Srinavasa Ramanujan astonishes as 'The Man Who Knew Infinity'
Writer/director Matt Brown knows a great story when he finds one, and Srinavasa Ramanujan's certainly qualifies. As presented in The Man Who Knew Infinity, the story begins at Trinity College, Cambridge, England as G.H. Hardy, a member of the Royal Academy for his brilliant work in mathematics, remembers his most moving experiences with a formally uneducated shipping clerk from Madras, India.
As the story proper begins in Madras, India, in voiceover narration Hardy describes his relationship with Ramanujan as "the one romantic incident in my life." But Ramanujan's life in Madras poses sufficient hurdles to his intellectual progress, for even after Hardy invites him to Trinity College, Brahmin culture dictates against Ramanujan's travel. His lack of formal degrees and of thorough mathematical proofs causes further difficulties with his acceptance as his work, nevertheless, continues to astonish the best mathematical minds.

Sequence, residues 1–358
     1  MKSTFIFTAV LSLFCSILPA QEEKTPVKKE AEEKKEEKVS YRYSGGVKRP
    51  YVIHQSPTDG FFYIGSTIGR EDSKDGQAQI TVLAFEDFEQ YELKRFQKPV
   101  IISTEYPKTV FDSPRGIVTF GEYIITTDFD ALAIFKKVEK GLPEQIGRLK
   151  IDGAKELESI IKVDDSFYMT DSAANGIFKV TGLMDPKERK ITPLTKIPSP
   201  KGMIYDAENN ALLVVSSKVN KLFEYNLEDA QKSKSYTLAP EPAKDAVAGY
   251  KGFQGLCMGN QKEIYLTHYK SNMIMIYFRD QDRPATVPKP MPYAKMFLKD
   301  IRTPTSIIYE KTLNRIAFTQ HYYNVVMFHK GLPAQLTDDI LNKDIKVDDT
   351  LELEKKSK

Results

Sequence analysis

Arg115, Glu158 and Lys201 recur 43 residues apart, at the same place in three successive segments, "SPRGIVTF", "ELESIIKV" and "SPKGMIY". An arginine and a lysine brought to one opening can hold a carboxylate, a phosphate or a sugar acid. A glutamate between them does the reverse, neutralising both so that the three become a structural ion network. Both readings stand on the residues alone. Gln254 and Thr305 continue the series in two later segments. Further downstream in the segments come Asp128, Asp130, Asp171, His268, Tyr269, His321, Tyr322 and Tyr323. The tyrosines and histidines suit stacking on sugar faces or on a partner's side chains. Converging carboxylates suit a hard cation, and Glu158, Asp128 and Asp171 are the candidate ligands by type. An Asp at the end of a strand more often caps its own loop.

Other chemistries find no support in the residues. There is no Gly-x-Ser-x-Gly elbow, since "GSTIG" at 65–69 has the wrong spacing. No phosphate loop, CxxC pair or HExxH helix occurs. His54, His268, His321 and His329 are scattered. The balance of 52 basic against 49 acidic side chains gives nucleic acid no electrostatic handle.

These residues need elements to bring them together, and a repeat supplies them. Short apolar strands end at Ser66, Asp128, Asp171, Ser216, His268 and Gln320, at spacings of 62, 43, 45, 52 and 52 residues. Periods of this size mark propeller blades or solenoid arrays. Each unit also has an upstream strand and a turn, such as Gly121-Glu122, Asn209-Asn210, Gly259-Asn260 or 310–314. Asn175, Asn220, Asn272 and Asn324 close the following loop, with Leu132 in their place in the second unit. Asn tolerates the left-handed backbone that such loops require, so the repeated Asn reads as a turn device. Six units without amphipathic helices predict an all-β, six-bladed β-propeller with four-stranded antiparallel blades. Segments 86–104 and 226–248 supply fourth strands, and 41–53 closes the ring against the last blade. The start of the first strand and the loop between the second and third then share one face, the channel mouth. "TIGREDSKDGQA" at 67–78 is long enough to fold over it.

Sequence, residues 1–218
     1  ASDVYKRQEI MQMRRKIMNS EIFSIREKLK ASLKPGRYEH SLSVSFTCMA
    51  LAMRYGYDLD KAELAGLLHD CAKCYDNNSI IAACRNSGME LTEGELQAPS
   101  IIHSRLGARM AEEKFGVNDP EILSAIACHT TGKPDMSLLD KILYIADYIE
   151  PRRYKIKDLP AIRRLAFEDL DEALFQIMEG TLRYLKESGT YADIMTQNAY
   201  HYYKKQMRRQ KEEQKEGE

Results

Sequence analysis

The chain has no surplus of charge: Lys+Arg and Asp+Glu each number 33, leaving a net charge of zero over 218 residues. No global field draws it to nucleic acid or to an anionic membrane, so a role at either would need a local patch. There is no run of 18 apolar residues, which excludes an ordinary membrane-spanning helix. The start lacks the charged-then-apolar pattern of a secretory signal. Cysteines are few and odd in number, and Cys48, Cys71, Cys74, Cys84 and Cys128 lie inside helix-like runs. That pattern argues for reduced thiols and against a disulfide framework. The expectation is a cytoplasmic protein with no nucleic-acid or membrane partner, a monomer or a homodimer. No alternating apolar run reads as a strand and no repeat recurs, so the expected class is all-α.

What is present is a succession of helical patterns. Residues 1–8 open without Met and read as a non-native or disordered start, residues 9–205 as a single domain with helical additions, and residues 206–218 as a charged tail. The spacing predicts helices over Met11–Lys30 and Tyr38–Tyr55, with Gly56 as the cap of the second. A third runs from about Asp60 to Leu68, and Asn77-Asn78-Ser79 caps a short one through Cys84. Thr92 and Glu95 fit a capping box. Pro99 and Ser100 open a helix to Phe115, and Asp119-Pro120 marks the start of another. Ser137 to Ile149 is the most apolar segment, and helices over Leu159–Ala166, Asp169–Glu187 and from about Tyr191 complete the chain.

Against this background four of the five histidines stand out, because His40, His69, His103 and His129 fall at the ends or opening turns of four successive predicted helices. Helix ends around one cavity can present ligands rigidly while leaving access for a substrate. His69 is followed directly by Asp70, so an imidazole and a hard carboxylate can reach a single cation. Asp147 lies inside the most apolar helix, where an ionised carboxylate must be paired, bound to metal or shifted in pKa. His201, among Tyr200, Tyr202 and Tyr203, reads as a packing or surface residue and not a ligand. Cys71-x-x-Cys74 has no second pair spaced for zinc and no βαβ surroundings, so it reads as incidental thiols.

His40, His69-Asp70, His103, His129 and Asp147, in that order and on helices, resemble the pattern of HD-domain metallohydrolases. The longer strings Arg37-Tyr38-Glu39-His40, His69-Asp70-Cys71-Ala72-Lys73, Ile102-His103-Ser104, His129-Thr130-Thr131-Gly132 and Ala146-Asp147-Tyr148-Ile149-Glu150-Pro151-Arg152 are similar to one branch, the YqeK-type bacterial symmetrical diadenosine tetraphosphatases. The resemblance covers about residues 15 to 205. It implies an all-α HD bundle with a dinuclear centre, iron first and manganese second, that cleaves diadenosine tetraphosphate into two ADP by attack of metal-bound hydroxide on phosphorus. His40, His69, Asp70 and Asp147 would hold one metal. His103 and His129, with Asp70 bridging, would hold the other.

Dramatically profiling a brilliant, theoretical mathematician challenges the best directors, and Brown solves the problem by focusing on the Cambridge community--those supporting and rejecting Ramanujan's ideas. The collaboration between G.H. Hardy and John Littlewood keeps the debates clear, the beginning of WWI adds additional tension, and Bertrand Russell introduces strong ethical commentary.
The performances by a superb cast provide the solid substance needed to give mathematics the gleam it deserves. As Ramanujan, Dev Patel has a three-dimensional role he can sink his teeth into. Jeremy Irons as G.H. Hardy delivers the gravitas and humanity he always brings. And Stephen Fry, Toby Jones, Jeremy Northam and Devika Bhise are excellent in supporting roles.
Cinematographer Larry Smith embellishes the India sequences with vivid colors and contrasts this palette with the more somber Cambridge scenes dominated by browns and greys, reflecting Ramanujan's physical isolation, emotional struggles, and tragic ending. The Man Who Knew Infinity brings to life a genius long overdue for recognition. At Landmark's Plaza Frontenac and Tivoli cinemas.